Thanks to iTunes, Web radio, and sites like Pandora, more computers are doing double duty as stereos. Can these speakers do your music justice? –John Brandon
Bell chimes and cymbal crashes on a U2 song were loud and clear on these speakers, which have 112 watts of combined power for lots of volume. Touch-sensitive volume buttons were easy to adjust, and the casing, made from the same material as bulletproof glass, makes a bold statement.
Our second choice, these speakers had less-distinct bass than the Harman Kardons, even with a separate subwoofer, but they reached a higher volume, thanks to 88 extra watts of power. On the downside, the dial on the volume controller was hard to turn.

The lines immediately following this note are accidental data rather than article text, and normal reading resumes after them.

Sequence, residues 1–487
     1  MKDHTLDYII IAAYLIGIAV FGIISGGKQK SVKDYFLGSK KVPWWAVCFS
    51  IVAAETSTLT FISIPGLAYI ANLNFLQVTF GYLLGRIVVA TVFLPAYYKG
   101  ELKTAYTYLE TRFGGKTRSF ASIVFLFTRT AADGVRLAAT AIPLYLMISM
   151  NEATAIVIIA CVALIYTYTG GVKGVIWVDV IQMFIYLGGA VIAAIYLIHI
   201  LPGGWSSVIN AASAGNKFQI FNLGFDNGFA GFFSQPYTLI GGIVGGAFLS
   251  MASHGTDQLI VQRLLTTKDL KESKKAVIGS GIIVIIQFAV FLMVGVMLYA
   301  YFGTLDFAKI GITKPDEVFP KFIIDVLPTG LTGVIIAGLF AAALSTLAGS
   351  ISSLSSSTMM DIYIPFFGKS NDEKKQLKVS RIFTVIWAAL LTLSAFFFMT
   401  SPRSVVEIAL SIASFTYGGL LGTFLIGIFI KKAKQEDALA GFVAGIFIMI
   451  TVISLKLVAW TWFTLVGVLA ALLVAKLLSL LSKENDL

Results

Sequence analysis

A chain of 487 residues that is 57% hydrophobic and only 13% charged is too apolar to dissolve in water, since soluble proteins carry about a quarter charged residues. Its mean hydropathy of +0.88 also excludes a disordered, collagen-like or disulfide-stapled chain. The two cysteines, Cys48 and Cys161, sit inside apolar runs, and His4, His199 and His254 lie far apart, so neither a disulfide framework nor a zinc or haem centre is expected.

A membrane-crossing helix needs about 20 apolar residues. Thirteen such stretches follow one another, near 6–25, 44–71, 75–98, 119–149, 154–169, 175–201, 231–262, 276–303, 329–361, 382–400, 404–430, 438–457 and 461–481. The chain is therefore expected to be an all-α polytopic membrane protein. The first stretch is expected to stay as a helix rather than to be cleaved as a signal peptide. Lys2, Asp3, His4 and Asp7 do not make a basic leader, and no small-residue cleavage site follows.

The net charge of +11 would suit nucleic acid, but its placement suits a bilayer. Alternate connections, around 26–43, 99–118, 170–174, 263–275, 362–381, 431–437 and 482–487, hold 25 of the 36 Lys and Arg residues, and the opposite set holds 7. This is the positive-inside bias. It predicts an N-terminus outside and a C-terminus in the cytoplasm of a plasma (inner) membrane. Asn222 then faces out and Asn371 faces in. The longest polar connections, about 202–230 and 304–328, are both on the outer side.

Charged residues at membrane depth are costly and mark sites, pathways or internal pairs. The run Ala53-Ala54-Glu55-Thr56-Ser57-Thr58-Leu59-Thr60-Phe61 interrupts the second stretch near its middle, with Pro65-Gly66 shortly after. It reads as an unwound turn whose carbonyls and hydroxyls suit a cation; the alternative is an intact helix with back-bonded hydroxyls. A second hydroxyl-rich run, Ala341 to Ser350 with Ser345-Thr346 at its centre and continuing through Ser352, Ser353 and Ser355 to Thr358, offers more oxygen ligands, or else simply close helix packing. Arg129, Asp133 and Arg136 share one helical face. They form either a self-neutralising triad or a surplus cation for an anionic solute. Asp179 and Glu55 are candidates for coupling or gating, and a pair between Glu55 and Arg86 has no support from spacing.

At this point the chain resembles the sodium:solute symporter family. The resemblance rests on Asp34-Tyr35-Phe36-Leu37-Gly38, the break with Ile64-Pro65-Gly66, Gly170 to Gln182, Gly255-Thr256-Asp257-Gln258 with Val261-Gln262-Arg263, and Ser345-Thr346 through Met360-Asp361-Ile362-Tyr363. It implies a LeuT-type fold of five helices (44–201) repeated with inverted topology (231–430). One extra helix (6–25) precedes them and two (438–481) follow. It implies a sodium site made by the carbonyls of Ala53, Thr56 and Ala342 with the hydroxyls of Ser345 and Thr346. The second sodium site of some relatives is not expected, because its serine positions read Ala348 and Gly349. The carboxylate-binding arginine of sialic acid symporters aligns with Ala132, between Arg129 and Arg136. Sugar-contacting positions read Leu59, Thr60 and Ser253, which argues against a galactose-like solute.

These speakers sync with your computer wirelessly using a USB dongle, though they connect with wires to a subwoofer that plugs into an outlet. The speakers have a peak power of 200 watts, but the sound was a bit fuzzy, perhaps because of wireless interference.
These small speakers, which are just 2 inches tall, produce surprisingly distinct sound and feature handy touch-sensitive volume controls. But with a combined peak power of just 10 watts, they have the least oomph of the test group, and they look a bit flimsy.